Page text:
Building your pool in NJ isn’t just a matter of calling up a contractor like Tranquility Pools Inc. and ushering them straight to your backyard. You’ll have to make quite a few decisions to ensure your pool is exactly how you want it.
As a guide, Joseph Truini wrote a Popular Mechanics article that lead people through the process of building a pool and discussed its several types that can be built. Concrete-type pools were among those he discussed:
“Concrete pools are truly custom-built and can be formed to virtually any size or shape. These types of pools are often called Gunite or Shotcrete pools because concrete is shot from a gun onto steel-reinforced walls. Once the concrete cures, it’s either plastered smooth, painted, finished with a textured aggregate surface or tiled. Alternatively, a smaller percentage of concrete pools are formed and poured in a way similar to a house foundation. This technique, called structural concrete, is often used for pools built into hillsides.”
NJ Concrete pools are just one option. Vinyl and fiberglass pools are also available. Vinyl pools are built by attaching the vinyl liner to a reinforced frame made of steel, aluminum, or non-corrosive polymer. They can be easily constructed, usually within one to three weeks, but are easily damaged by pets, sharp object, and even pool toys.
Fiberglass pools are tougher. Built by simply inserting a factory-molded fiberglass shell into a hole, installation can easily be done within a day. However, because of its pre-molded nature, it only comes in a few shapes and sizes. It also has a higher price tag than the other options.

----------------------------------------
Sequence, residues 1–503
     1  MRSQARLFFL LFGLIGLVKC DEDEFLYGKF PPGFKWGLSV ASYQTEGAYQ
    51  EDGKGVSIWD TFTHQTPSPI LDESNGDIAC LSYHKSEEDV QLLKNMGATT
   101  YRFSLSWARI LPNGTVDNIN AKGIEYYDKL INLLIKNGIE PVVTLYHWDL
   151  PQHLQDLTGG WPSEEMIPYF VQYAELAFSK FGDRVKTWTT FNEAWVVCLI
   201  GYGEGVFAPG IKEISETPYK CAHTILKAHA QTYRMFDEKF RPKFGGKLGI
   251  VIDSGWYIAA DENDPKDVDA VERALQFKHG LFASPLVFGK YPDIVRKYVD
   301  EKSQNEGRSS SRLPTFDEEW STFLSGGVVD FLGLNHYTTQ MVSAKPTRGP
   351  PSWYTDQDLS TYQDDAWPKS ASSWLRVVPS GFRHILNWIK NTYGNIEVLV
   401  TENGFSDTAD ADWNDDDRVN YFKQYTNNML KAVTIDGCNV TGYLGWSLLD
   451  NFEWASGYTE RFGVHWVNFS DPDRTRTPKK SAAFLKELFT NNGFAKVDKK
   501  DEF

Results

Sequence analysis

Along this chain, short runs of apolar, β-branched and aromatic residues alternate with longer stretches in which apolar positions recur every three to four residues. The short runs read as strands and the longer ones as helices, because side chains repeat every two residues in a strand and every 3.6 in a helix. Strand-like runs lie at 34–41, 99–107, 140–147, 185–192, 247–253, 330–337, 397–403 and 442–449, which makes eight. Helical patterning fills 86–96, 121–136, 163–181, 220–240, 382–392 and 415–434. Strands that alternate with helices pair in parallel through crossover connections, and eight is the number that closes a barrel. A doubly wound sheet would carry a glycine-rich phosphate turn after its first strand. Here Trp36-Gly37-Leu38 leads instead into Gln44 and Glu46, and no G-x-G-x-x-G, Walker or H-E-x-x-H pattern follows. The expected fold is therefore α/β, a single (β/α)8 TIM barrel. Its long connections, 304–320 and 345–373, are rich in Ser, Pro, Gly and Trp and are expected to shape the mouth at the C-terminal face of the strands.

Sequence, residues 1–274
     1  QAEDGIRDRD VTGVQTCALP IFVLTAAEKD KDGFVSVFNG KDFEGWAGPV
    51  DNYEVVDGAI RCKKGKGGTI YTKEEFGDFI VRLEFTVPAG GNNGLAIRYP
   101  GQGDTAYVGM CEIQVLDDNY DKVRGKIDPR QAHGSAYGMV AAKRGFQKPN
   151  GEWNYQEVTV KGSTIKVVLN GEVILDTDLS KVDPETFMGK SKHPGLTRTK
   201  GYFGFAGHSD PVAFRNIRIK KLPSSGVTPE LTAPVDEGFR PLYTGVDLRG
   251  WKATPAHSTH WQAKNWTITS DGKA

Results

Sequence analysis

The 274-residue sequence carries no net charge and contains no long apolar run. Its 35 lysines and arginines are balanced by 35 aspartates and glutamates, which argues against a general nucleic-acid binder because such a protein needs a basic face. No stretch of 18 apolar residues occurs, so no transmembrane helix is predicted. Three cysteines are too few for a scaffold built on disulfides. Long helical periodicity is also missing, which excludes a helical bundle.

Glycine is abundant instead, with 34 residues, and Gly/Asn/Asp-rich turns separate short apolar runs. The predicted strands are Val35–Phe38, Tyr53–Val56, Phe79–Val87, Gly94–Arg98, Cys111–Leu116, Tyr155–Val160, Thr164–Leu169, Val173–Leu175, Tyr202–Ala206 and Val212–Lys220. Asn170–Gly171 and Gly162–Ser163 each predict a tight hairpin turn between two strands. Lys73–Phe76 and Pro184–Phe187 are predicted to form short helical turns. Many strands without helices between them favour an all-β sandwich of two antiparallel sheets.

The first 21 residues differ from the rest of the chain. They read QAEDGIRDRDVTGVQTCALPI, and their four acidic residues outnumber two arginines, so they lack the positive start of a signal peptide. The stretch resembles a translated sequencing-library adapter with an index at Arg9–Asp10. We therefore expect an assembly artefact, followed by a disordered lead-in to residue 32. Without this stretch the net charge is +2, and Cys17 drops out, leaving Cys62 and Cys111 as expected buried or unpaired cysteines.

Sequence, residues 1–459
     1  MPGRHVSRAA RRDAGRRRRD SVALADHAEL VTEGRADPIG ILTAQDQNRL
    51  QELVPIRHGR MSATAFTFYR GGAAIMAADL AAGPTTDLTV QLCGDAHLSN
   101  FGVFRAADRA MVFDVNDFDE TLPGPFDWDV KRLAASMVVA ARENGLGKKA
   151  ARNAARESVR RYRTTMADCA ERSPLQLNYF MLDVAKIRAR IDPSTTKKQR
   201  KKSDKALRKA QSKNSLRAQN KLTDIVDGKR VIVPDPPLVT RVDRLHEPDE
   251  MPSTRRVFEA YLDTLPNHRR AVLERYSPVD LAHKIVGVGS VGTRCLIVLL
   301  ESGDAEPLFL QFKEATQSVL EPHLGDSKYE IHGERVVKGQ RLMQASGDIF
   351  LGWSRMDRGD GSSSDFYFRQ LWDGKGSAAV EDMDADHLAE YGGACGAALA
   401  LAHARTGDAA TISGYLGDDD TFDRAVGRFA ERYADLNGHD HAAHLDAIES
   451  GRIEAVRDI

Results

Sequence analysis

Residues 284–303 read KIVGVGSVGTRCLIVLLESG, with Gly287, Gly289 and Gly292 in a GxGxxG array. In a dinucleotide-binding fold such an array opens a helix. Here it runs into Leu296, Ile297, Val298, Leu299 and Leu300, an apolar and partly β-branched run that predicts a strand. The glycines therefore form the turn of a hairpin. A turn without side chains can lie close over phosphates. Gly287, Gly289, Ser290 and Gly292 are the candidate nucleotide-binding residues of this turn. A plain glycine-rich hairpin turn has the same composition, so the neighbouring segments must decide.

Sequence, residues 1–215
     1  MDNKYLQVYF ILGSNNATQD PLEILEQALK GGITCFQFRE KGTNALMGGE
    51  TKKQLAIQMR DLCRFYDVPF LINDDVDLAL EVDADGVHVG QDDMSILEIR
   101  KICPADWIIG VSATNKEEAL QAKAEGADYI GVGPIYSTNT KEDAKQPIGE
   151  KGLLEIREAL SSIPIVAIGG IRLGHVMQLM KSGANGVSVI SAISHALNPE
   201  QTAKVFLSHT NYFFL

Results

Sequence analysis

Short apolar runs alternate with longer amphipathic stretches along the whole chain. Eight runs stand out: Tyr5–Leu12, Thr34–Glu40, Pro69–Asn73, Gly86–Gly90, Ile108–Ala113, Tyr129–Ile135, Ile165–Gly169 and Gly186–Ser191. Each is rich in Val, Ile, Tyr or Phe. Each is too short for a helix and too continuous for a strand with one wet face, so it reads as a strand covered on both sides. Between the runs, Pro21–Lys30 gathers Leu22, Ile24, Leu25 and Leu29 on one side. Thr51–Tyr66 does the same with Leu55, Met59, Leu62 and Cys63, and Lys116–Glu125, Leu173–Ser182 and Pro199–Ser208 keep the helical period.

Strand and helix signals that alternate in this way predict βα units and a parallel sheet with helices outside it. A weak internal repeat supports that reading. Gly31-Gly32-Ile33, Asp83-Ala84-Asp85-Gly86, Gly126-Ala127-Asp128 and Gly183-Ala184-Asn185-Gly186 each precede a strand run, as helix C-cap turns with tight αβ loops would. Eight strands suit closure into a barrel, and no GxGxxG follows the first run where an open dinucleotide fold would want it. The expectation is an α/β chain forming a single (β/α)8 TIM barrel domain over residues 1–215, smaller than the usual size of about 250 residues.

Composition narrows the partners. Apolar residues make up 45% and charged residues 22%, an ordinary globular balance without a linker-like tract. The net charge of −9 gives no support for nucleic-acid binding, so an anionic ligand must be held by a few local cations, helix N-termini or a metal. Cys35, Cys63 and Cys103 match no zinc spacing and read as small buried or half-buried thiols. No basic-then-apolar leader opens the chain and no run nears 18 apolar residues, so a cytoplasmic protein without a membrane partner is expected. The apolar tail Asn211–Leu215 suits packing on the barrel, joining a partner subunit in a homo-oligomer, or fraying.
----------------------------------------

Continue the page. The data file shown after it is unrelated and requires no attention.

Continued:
Picking out what type of pool you’d like is just the beginning. You’ll have to look at local building and zoning regulations to see what you have to meet when building your pool. Usually, you’ll have to apply for a building permit before any excavation begins.
New Jersey swimming pools are covered under the New Jersey State Bathing Code. A lot of the regulations concern ensuring the safety of the bathers and the local water sources. Some important requirements are the need for pool areas to be fenced in so that children don’t fall in accidentally, and the prohibition of any physical connection between the pool’s filtration systems and any source of drinking water.
If you’ve managed to meet legal requirements and get a building permit, you’ll then have to site your pool properly. Position it where the sun can heat the pool naturally. Additionally, avoid windy locations which can increase evaporation and low-lying areas where flooding can contaminate your pool.
(Source: 6 Steps to the Perfect Inground Pool, Popular Mechanics, August 1, 2008)